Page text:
Reaching Rydal Caves from Grasmere is equally a scenic. My favourite route is around the back of Grasmere water. Head out of Grasmere town toward Red Bank. This route will take you past Tweedies Bar, Faeryland cafe and then onwards. It is a road so beware of passing traffic. You will gradually ascend until you reach a gate on your left. Head through this gate which takes you down to the lakeshore. Continue on, walking along the shore of the lake in a southerly direction. You will reach a kind of weir, with a bridge, at the very end of the lake. At this point, don’t cross the bridge, but continue on upwards. Eventually you should be walking up and along a ridge, offering sweeping views over Rydal Water. The cave is just over the brow of the hill.

This route is a little harder to explain, but you can search directions in google maps by foot and it gives you the options. Also, it is definitely worth noting that phone signal in The Lake District is patchy! I really recommend going old school and investing in a good old fashioned map of The Lake District!

An alternative option is to continue up Red Bank further instead of turning onto the first path. This is more of an uphill, but eventually you turn off the road onto a track. You are now joining the ridge and should find the cave!


Can I drive to Rydal Cave?

The cave itself is only accessible by foot. There is no road up to it, so you have to walk. However, you can park nearer than Ambleside or Grasmere if you want to shorten the walk. The closest place to park is Pelter Bridge car park. From here, just follow the directions above from Ambleside, as Pelter bridge is the car park you come to after the stepping stones. On sunny days, or bank holidays, this car park can fill up quickly! Also, be aware this is a Pay and Display car park.

rydal caves inside

Can you go inside Rydal Cave?

At the moment, yes! As someone who has visited many times over the years, I can confirm that has not always been the case. On a few occasions over the years, the caves has been fenced off. there is never any prior warning of this. I imagine it is if some areas have become unsafe. You could always ask at the local tourist information centre if worried. The last time I can remember the cave being fenced off was at least 5 years ago, so I doubt it will happen again. I have been inside many times, and it is great fun.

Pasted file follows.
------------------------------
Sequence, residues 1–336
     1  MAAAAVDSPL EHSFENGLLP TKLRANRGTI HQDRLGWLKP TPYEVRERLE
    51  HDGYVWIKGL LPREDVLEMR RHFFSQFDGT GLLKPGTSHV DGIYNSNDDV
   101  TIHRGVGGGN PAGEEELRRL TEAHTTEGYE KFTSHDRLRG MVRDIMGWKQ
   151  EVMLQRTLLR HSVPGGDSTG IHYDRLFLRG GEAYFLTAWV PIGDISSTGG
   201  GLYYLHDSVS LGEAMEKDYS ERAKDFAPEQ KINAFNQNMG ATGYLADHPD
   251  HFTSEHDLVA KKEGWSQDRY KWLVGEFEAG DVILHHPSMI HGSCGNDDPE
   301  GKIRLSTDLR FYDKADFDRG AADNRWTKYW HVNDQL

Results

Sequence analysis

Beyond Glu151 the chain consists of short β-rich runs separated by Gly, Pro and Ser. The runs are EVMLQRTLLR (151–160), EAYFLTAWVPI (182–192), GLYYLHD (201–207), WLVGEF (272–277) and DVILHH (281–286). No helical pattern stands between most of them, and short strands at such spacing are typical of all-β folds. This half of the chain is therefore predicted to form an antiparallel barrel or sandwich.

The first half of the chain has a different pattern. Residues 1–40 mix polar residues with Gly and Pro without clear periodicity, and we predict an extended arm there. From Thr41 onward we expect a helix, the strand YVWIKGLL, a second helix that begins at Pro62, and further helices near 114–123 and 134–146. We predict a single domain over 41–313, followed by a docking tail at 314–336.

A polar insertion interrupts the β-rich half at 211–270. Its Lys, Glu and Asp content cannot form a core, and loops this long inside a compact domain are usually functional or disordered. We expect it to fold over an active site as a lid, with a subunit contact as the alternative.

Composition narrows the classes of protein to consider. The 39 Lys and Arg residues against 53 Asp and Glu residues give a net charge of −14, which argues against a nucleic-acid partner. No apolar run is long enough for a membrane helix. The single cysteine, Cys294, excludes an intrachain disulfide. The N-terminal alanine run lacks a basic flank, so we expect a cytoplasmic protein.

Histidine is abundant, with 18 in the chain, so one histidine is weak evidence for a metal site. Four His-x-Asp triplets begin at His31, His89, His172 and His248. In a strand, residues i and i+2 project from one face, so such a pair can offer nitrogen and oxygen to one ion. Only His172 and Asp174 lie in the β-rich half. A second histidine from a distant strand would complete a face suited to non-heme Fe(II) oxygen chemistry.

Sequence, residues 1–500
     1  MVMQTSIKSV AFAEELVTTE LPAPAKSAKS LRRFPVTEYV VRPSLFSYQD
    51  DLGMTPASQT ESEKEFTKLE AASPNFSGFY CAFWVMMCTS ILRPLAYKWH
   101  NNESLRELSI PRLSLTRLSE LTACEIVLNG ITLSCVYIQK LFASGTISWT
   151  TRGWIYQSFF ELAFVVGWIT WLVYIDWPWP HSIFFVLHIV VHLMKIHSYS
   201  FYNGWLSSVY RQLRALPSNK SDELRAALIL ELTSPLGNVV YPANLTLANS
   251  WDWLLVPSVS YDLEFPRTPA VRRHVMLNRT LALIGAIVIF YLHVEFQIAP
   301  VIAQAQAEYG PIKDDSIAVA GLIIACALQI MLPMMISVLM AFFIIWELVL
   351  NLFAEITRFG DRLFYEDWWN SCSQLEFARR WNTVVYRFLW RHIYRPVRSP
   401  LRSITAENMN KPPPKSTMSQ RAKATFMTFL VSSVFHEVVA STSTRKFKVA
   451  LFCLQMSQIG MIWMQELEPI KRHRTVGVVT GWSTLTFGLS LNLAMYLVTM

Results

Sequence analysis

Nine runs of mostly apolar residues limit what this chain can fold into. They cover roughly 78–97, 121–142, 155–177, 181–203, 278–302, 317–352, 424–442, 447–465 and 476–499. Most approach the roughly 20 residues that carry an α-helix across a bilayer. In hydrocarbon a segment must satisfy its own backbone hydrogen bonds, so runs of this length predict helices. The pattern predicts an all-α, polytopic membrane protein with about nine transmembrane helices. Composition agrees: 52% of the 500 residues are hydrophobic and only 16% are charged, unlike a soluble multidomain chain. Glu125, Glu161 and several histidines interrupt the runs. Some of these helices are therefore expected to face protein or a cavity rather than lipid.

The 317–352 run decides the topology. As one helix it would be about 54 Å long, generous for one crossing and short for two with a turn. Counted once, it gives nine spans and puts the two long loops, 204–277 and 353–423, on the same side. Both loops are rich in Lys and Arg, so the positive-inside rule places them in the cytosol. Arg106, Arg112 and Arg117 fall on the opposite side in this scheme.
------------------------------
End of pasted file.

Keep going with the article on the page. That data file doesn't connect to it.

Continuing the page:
Don’t be put off by the word cave. In reality, this cave is so big, you can always see natural light. It is always very wide and tall, not at all claustrophobic. There is usually a bit of water inside and occasionally a pair of ducks! Watch the rocks, they can be slippy!

Top tips!

  • Take water – there are no shops along the way!
  • Let someone know where you are going – phone signal is patchy
  • Weather in the Lake District is unpredictable, even the nicest day can turn wet in minutes. I always take a lightweight rain jacket.

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About Me!


Hi! Thanks for stopping by. I am a 20 something writer from the UK. As a PADI Dive Instructor, if I am not exploring life underwater, I am getting on a plane to find adventure on land. I love to share my travels with my readers – with a big focus on solo female travel, budget saving tricks, and of course Scuba Diving. I love to connect, so feel free to reach out on social media! I am always open to ideas and collaborations – just drop me and email!